Question 21.
Who was Chunni? What kind of relationship do they share?
Answer:
Chunni Lai had been at school with Bepin Babu. He was not well off so he often visited him to get help in finding work. But Bepin Babu disliked him.

Question 22.
Why did the man stare at Bepin Babu in disbelief?
Answer:
The man stared at Bepin Babu in disbelief because Bepin Babu did not recognise him even though he was sure that he knew him and had met him in Ranchi.

Question 23.
Where did Bepin Babu say he went in October’ 58?
Answer:
Bepin Babu said that in October 58 he was in Kanpur.

Question 24.
Mention any three (or more) things that Parimal Ghose knew about Bepin Babu.
Answer:
Bepin Babu’s intimate secrets were known to Parimal Ghose:

  • He knew Bepin Babu had no children.
  • He had lost his wife 1 year ago.
  • His brother was died insane.

Question 25.
Why did Bepin Babu worry about what Parimal Ghose had said?
Answer:
Bepin Babu continuously worried about what Parimal Ghose had said because he had shown that he
knew many intimate facts about him. He knew about the bag of books, his wife’s death and his brother’s | insanity. Considering that Parimal Ghose knew so much about him. Bepin Bapu couldn’t say with conviction that he was making a mistake about the Ranchi trip.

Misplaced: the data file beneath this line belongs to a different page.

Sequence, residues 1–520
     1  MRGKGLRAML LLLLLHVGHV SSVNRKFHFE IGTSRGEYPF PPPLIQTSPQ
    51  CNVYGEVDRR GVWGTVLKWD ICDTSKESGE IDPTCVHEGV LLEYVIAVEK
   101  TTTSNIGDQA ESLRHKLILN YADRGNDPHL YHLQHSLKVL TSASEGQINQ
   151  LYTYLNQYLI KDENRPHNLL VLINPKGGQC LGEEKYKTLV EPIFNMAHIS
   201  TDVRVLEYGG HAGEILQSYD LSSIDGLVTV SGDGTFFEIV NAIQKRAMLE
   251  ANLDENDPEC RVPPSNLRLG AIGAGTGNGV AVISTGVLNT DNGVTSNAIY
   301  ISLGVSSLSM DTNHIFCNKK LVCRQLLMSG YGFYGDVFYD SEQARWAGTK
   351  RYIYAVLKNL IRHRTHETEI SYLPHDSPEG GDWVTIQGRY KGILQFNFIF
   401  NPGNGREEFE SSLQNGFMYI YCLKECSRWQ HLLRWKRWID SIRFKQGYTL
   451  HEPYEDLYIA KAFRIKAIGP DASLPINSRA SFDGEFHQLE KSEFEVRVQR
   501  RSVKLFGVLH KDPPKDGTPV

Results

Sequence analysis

Question 26.
How did he try to decide who was right in his memory or Parimal Ghose?
Answer:
Bepin Babu tried to check the people who were supposed to have a link with the Ranchi trip. He asked Dinesh Mukherjee about the trips. Dinesh Mukherjee increased his duality as he made a positive statement for Ranchi trip.

Question 27.
Why did Bepin Babu hesitate to visit Mr. Mukerji? Why did he finally decide to phone him?
Answer:
Bepin Babu hesitated to visit Mr. Mukerji thinking that it would be ridiculous if he had really visited Ranchi. Mukerji would think Bepin Babu had gone mad. Hence, Bepin Babu finally decided to phone him.

Question 28.
What did Mr. Mukerji say? Did it comfort Bepin Babu, or add to his worries?
Answer:
Mr. Mukerji confirmed that Bepin Babu had been to Ranchi in October 58. This further made him uncomfortable. Bepin Babu became so worried that he even lost his appetite.

Question 29.
Who was Chunilal? What did he want from Bepin Babu?
Answer:
Chunilal was an old schoolmate of Bepin Babu. He had been having a rough time lately and had been – coming to see Bepin Babu for a job.

Question 30.
Why was Dr. Chanda puzzled? What was unusual about Bepin Babu’s loss of memory?
Answer:
Paresh Chanda was a young physician. He had never dealt a case of memory loss. So he was puzzled. He gave a suggestioh to Bepin Babu to visit Ranchi again.

Question 31.
Had Bepin Babu reallyTost his memory and forgotten all about a trip to Ranchi?
Answer:
No, Bepin Babu had not really lost his memory. In fact, he had never been to Ranchi. It was all a plan made by Chunilal to teach him a lesson.

Question 32.
Why dp you think Chunilal did what he did? Chunilal says he had no money: What is it that he does have?
Answer:
Chunilal did what he did because Bepin Babu did not help him at a time when he had no money and required a job. However, Bepin Babu did not do anything for him. So he wanted to punish him by rekindling haunting memory of his fall near Hudroo. Chunilal seems to be a good writer with very fertile imagination. That is what he believes would help him to tide over his bad phase.